I never thought it would come out like that. You don’t know what’s gonna be aired or how it’s gonna be perceived. When I saw it the first night I thought it was pretty funny and some of my old cooks and friends, I got some e-mails like “typical Isabella being a wiseass.” But to me it was a joke, they knew it was a joke, but a lot of people who didn’t know me didn’t realize that and I didn’t realize that I upset a lot of people and I kind of felt really bad and I was just really nervous after that episode went on. I was like, “how else was I gonna come across?”
If I could have done it again I would have never said it. It wasn’t to mean any harm. I grew up with my mother and my sister and that was it in a broken family. So for me respect for women is one of the biggest things in the world. Jen thought she was better than me obviously because she worked at Le Bernardin, which is the number one seafood restaurant in the world. She thought she was faster. I was just joking with her when we were talking a little smack. That’s really it. It was a little upsetting in the beginning, but I knew once people got to know me throughout the season that they would really start to like me. They knew that I wasn't malicious or anything like that.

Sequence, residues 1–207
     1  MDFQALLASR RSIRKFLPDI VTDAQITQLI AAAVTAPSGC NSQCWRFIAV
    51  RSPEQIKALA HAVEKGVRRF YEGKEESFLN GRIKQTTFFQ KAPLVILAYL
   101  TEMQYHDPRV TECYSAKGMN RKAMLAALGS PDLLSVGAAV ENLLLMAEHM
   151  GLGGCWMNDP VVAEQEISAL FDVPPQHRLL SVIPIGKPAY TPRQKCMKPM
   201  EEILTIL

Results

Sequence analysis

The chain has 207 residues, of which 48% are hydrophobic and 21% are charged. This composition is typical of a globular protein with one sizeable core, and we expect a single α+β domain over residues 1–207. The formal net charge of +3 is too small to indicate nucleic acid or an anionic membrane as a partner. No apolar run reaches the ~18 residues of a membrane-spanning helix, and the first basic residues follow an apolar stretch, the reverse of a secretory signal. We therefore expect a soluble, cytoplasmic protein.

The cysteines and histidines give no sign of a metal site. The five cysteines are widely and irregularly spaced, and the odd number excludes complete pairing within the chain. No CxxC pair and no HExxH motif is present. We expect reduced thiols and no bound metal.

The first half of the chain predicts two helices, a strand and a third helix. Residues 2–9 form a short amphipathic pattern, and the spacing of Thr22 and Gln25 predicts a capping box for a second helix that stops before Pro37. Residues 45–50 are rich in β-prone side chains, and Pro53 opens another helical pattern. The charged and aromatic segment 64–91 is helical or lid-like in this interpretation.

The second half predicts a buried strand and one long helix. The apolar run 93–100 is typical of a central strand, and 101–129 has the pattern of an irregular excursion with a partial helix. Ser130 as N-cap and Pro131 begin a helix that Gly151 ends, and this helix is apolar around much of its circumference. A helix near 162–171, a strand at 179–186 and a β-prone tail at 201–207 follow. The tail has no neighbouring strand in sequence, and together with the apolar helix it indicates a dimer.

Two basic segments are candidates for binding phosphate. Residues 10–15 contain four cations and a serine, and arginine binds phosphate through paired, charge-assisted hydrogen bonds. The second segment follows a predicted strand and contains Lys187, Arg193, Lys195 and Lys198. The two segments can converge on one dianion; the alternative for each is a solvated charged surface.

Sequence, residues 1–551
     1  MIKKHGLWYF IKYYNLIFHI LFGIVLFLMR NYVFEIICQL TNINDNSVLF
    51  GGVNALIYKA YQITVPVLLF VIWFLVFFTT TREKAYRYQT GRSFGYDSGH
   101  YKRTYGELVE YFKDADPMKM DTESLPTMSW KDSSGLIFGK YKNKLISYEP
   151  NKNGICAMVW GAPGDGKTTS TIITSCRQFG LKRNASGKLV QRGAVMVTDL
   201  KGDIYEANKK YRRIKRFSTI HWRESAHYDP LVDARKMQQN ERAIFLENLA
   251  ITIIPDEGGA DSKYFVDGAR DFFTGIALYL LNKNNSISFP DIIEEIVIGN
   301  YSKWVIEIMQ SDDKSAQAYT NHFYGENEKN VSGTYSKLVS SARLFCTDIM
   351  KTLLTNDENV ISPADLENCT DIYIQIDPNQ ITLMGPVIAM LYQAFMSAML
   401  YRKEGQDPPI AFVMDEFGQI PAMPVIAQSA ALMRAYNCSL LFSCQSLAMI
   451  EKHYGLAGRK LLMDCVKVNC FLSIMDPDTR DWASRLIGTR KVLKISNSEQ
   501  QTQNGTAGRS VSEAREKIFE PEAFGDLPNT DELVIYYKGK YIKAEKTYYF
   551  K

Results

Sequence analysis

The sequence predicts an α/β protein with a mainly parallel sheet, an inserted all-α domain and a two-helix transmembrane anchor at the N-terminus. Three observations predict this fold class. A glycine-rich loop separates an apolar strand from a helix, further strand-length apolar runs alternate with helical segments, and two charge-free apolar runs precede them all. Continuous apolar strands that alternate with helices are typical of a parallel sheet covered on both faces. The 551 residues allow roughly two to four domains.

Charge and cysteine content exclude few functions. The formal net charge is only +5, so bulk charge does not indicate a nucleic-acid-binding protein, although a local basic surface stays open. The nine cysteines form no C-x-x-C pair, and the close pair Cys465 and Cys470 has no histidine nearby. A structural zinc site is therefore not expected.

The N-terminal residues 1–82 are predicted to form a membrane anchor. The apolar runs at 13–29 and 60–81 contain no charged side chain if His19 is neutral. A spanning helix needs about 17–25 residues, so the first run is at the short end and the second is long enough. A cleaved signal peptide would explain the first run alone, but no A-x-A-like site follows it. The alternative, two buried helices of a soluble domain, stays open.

It just goes to show that the kinds of jokes you might make with your friends might seem in jest -- the whole, it's all okay to make a sexist joke because I have a lot of respect for women mentality -- shows that a sexist joke will be interpreted as such out of context. And fundamentally it isn't the context that matters. Isabella learned the hard way that if you're making a remark you'd be embarrassed to have your mom or sister hear it, you probably shouldn't say it.
Tuesday, November 3, 2009
Brooks goes down the tired old path of decrying the "hookup culture," where people occasionally have causal sexual encounters rather than asking partners to the sock hop and grope each other in the back of a car. Brooks wistfully says: